HIV antibodies protect animals in proof-of-concept study

Three different HIV antibodies each independently protected monkeys from acquiring simian-HIV (SHIV) in a placebo-controlled proof-of-concept study intended to inform development of a preventive HIV vaccine for people. The antibodies — a human broadly neutralizing antibody and two antibodies isolated from previously vaccinated monkeys — target the fusion peptide, a site on an HIV surface protein that helps the virus fuse with and enter cells. The study, published in Science Translational Medicine, was led by the Vaccine Research Center (VRC) at the National Institute of Allergy and Infectious Diseases (NIAID), part of the National Institutes of Health.

Antibodies that target the fusion peptide can neutralize diverse strains of HIV in vitro, that is, in a test tube or culture dish outside of a living organism. The NIAID VRC isolated a fusion peptide-directed human antibody, called VRC34.01, from a person living with HIV who donated blood samples for research. They also isolated two antibodies from rhesus macaques — a species of monkey with immune systems like humans’ — who previously had received a vaccine regimen designed to generate fusion peptide-directed antibodies. Demonstrating that these antibodies protect animals would validate the fusion peptide as a target for human vaccine design. SHIV challenge — administering an infective dose of SHIV — to rhesus macaques is a widely used animal model for assessing the performance of HIV antibodies and vaccines.

In this study, rhesus macaques in each of four groups received a single intravenous infusion of one type of antibody — a 2.5 or 10 mg/kg of bodyweight dose of VRC34.01, or one of the two vaccine-elicited rhesus macaque antibodies — and other monkeys received a placebo infusion. To determine the protective effect of the antibodies, each monkey was challenged five days after infusion with a strain of SHIV known to be sensitive to fusion peptide-directed antibodies.

All monkeys that received a placebo infusion acquired SHIV following the challenge. Among monkeys that received VRC34.01 infusions, none receiving the 10 mg/kg dose and 25% of those receiving the 2.5 mg/kg dose acquired SHIV. Of those that received the vaccine-elicited rhesus macaque antibodies, no monkeys receiving the antibody called DFPH-a.15 acquired SHIV, and 25% of those receiving the antibody called DF1W-a.01 acquired SHIV. Over time, the concentration of antibodies in the blood of animals that received DFPH-a.15 declined. Those animals were re-challenged 30 days later to see if the lower concentration of antibodies had a decreased protective effect, and half of them acquired SHIV.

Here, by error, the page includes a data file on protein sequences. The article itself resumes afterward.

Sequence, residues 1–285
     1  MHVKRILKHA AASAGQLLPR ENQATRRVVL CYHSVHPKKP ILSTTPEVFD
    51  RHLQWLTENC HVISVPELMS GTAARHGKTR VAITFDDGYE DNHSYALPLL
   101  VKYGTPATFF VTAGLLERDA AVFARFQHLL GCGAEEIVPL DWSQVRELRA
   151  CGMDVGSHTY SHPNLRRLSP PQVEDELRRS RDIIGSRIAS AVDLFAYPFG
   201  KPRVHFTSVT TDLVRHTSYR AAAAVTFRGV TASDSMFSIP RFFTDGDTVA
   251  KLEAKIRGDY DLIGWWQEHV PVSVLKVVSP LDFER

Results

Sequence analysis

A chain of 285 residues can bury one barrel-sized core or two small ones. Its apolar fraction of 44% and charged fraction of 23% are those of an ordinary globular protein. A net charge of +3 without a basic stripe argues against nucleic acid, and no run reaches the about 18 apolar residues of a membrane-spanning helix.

The three antibodies studied each provided statistically significant protection from SHIV, and the effect was dose dependent, that is, highest in monkeys with greater antibody concentrations in their blood.

According to the authors, these findings represent the proof-of-concept that fusion peptide-directed antibodies can provide protection against SHIV and help determine the concentration of antibodies a vaccine would need to generate to be protective. They suggest that their findings on vaccine-elicited antibodies in some animals support further work to design preventive HIV vaccine concepts targeting the fusion peptide. They conclude that an effective HIV vaccine targeting the HIV fusion peptide likely will need to expand upon the concepts used in this study, by generating multiple varieties of fusion peptide-directed antibodies. This would increase the likelihood that the vaccine could maintain a preventive effect across the vastly diverse HIV variants in circulation.

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